One of the worst things a woman can do when she's upset is radically change her hairstyle. I think Britney Spears' little head-shaving episode is an excellent case-in-point; it takes a while to recover from that kind of spur of the moment decision. With the exception of the time that my friends and I decided that Sun-In was the band camp accessory of choice, leaving many of us with a headful of fried Ronald McDonald-hued hair for several months, the haircolors-not-found-in-nature period of my adolescence was fueled largely by temporary and washable coloring agents.
This kind of popped into my mind a minute or two ago because my "dignified greys" and I are about to have a showdown. I color my own hair and have done so for approximately twelve years, although I've been going grey pretty much since I was sixteen; such is the nature of being a brunette. In the last year or so, though, the grey has proliferated and I feel as if I'm having to color more often. Since my hair has been donated to Locks of Love twice in the last five years, I haven't had professional color, highlights, or lowlights for a while. It's also been stick straight and long. Now we're back up to the shoulder and I've been wondering if I ought to try anything different...well, I'm not as adventurous as I used to be about this kind of thing. Pink, blue, green, etc., and strong reds require double processing to come out correctly, and I don't want to go Harlow platinum in order to overdye with a strong color. I'm really afraid that I'd end up bald.
My best friend decided to go dark back before Christmas, and it's been an adjustment. She's a natural light redhead; over the years, like both her mother and mine, her hair gradually took on more blonde and lost the majority of its red hue. The base color that she chose was darker than mine, with a strong auburn tone. I think if I saw it on a regular basis (she lives almost five hundred miles away in another state), I'd be more used to it, but it's a source of cognitive dissonance for me. We've known each other since I was about thirteen, so almost thirty years...I caught myself not being able to find her in stores over the holidays because I wasn't looking for the new haircolor. Her color, unlike mine, is professionally done, and she is blessed with incredibly thick, strong hair.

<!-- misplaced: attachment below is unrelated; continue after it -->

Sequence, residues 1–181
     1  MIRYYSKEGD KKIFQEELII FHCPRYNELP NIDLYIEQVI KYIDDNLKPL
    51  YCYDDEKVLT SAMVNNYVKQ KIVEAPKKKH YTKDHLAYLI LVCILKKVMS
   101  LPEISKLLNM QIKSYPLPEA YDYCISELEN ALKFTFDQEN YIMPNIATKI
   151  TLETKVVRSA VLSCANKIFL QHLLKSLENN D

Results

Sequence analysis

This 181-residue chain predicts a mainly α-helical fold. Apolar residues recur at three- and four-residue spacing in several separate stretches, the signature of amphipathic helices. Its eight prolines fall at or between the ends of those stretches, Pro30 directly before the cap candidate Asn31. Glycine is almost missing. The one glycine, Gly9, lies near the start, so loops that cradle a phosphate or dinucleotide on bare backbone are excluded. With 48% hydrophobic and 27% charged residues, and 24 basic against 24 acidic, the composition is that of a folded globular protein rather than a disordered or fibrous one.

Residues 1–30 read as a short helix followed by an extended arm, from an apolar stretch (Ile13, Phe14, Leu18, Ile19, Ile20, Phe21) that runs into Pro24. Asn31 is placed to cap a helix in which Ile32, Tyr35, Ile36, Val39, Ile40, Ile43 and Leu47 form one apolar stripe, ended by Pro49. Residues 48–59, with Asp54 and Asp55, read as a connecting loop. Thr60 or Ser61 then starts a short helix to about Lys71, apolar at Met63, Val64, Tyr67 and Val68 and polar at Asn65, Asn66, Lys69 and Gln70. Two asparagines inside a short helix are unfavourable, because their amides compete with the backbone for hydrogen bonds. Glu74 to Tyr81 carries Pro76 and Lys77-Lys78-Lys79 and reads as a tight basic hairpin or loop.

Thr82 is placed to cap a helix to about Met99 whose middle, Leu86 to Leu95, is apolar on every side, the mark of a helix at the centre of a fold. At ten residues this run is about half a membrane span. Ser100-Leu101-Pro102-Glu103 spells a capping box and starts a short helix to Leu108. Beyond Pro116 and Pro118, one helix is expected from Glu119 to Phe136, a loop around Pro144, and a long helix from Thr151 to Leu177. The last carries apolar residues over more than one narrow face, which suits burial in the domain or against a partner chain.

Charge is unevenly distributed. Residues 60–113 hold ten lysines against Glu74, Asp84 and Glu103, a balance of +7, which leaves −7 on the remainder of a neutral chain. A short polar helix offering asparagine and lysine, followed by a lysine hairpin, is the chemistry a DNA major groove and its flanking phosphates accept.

It's not an entirely irrational fear, this concern that I may go bald. My paternal grandmother, a former Miss Arizona, believed in chemical intervention back in the days when permanent waves involved electricity and color involved a lot of ammonia. She was also always on some kind of crazy weight-loss plan, which probably contributed to her follicular challenges. By the time I was a child, she'd lost most of her hair and constantly wore a wig. While wigs give one the option of radically changing looks from day to day (one of my favorites was a Lucille Ball-red beehive affair), they're hot, uncomfortable, and can fall off at the worst possible moment. As they wheeled her into the operating room near the end of her life, the orderly tried to remove her wig- she snatched it back and told him she was not going to meet Jesus without her hair. True story. (Granny was born in Texas; ask any lady from Texas if she'd go out in public without her face on and her hair done, and she'd tell you she'd just as soon march into church naked.)
I've had a pretty stressful week so far, so I should probably just go with the root touch-up color kit that matches my natural haircolor for now. If I were to do something that accurately reflected my week so far, I'd probably come out looking like either Rhianna or Pink- or possibly Sinead O'Connor. Since I'm not young or thin or a performing artist, that would be bad. Very bad.